Interview with a Speaker – Carole Fossey
In December 2019, I organised the TEDxAinleyTopWomen event in Huddersfield. The day was a huge success and 19 amazing speakers gave their first-ever TEDx talk. The audience were wowed, the speakers were phenomenal, and the organiser went home exhausted but very happy.
So, who were they – the intrepid 19? And why did they put themselves through the process? I interviewed all of them, to give you a behind the scenes look at the whole process. Perhaps you might want to get involved in a TEDx in the future. These interviews will shed light on what it takes, why you might want to do it, and who you need to be, to be a TEDx speaker.
So, we are going to start this week with Carole Fossey, Founder of Strategy Social Media and Leading Women in Business, Author, Speaker and Business Coach. Carole is also Mum to 2 – Phoebe 20, and Guillaume 17.
“Carole, why did you want to do a TEDx talk and was there anything that might have stopped you applying?”
Well, Cheryl, I was excited by the opportunity. One of my favourite things to do is speak from stage. However, I normally speak about my business and TEDx is all about an idea worth sharing. I was concerned that with an exceptionally busy schedule in November and December, I wouldn’t have time to create a TEDx worthy talk.
However, I have always believed in Richard Branson’s philosophy – that when an opportunity presents itself, say yes, and figure it out later! And so I said yes! And then figured it out!
“What was the title of your talk and why is that subject important to you? Why was it something you wanted to share?”
My talk was ‘The Secret of Living (and Social Media) is giving’. This is a subject very close to my heart and not just because I run a social media company. The title and the first 2/3rd’s of the talk are actually a slight misdirect. You’ll have to watch the talk if you want to know the real secret of living!! But suffice it to say – there is a big problem in the country right now with depression and suicide, especially in the young, and a general dissatisfaction with life in many more.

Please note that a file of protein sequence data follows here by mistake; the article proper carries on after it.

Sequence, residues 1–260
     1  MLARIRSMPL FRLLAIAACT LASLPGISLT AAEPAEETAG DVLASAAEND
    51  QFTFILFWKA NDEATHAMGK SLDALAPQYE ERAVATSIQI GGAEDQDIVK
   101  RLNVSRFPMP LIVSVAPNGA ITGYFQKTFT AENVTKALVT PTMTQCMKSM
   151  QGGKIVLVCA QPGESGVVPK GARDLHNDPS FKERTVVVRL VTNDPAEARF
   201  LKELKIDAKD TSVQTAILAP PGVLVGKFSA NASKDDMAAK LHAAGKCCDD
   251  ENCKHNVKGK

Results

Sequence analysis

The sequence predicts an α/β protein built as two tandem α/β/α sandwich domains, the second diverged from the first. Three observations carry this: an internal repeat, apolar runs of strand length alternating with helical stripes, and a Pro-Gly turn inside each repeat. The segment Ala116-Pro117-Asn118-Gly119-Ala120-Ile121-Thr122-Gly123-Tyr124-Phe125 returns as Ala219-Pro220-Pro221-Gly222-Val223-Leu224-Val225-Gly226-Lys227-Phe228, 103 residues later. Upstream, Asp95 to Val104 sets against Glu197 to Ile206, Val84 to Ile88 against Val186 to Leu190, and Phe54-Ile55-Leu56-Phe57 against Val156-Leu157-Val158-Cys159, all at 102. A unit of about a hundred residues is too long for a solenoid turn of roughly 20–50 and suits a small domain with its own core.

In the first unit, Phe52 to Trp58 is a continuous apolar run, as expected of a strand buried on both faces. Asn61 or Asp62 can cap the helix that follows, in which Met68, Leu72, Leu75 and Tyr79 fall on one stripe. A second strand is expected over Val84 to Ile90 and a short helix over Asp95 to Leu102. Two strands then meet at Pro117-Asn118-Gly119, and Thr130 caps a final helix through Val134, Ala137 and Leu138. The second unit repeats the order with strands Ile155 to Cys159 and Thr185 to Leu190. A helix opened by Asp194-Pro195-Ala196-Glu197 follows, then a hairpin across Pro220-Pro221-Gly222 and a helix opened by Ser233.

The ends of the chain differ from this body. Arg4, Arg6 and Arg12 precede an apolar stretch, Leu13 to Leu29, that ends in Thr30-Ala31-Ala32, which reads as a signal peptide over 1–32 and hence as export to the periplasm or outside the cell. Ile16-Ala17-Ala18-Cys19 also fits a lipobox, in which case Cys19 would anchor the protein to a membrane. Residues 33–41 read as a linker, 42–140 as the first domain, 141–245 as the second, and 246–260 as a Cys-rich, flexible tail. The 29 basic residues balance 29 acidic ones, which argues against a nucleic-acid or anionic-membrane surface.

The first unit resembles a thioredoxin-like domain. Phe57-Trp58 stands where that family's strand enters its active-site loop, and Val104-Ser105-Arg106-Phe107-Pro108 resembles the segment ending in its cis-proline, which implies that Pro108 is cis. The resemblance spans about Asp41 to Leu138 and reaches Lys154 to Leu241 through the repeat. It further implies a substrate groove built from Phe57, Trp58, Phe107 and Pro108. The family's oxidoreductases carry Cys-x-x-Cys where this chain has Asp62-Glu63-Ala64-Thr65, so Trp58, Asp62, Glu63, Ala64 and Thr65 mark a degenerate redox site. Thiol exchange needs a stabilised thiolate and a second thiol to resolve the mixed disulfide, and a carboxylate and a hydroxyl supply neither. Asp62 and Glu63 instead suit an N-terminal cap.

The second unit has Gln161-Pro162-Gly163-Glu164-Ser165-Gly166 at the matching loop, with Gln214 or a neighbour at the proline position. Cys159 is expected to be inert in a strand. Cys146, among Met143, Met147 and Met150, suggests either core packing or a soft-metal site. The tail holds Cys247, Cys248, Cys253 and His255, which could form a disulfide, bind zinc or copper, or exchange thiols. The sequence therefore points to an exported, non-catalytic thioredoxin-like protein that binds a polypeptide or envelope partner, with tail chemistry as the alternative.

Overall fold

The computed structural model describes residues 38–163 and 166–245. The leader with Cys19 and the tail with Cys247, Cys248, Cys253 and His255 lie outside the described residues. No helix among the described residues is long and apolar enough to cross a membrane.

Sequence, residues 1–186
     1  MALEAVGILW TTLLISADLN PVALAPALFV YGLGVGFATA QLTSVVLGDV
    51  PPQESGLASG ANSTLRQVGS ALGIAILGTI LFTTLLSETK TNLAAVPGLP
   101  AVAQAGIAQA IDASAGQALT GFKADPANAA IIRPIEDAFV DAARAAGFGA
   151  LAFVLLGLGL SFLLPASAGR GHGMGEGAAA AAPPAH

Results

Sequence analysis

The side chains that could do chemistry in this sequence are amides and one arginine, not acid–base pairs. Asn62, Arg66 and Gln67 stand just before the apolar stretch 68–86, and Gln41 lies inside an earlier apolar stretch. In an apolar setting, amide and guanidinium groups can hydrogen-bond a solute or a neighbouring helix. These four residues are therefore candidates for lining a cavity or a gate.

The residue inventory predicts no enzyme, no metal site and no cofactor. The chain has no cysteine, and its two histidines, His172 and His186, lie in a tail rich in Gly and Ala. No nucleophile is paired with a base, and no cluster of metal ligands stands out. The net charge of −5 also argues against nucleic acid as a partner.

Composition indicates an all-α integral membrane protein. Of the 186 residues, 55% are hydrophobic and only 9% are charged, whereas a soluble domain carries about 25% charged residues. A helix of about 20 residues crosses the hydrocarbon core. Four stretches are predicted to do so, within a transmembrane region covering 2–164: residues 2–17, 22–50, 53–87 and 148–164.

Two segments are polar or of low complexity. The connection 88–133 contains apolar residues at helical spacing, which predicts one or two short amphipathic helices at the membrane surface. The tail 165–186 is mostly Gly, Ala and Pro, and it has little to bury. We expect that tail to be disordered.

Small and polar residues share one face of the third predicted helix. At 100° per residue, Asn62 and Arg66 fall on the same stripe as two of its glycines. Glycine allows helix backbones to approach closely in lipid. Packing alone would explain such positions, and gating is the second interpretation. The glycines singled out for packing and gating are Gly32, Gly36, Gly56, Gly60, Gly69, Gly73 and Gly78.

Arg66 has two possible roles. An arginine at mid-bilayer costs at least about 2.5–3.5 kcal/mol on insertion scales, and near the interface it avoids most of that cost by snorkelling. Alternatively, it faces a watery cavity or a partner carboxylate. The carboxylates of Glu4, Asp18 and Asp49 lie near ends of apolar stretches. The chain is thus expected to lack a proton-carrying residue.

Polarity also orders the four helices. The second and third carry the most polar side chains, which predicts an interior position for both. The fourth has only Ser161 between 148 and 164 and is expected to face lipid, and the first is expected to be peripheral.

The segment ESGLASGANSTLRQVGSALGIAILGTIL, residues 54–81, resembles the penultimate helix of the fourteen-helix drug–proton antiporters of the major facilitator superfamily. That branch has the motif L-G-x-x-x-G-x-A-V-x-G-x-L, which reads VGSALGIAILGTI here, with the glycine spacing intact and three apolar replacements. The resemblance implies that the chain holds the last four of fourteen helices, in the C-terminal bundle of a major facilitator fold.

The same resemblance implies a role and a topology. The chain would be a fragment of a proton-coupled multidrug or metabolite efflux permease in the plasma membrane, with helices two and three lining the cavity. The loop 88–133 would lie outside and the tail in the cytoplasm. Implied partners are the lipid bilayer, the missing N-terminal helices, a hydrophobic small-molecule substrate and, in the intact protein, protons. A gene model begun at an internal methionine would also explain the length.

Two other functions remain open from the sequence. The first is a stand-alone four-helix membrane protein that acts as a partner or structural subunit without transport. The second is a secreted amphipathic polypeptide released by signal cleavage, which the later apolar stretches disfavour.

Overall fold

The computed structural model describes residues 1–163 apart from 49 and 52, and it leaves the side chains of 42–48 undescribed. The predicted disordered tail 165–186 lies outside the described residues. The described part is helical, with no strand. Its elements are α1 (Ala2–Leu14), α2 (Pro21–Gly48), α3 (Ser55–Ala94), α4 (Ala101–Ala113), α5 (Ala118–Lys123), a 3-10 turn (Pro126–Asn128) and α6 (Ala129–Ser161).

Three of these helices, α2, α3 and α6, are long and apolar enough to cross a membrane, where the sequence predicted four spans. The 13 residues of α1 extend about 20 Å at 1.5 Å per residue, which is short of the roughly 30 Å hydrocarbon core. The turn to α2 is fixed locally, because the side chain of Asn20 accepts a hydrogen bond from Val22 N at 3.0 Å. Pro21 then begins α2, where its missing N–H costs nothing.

Much of that is caused by social media, by this ‘ever on’ world, and by the expectations that creates. With six members of my family having suffered from mental health issues, resulting in medication, sectioning and suicide attempts, anything anyone can do to help is something I support. And if my talk helps even 1 person reframe something that makes them frustrated, depressed, angry or sad, then it was worth all the effort and more.
“What happened when you submitted your video for approval?”
I wasn’t sure about what I had submitted. It didn’t follow my usual format and it wasn’t – as I mentioned earlier – what I normally speak about. I wasn’t sure it was good enough to get past the strict TEDx criteria.
Cheryl’s feedback was very positive. She reassured me that my 2 misdirects in the talk worked, and that the whole thing flowed. That gave me the reassurance I needed that I was on the right lines. She also suggested a couple of tweaks that were extremely helpful.
Cheryl is really good at seeing what is missing. She coaches many people experienced and not, on public speaking, and has helped me in the past with my personal story. One of the suggestions Cheryl made was very subtle but very powerful. Sometimes, you are just too close to your own stuff to see those gaps.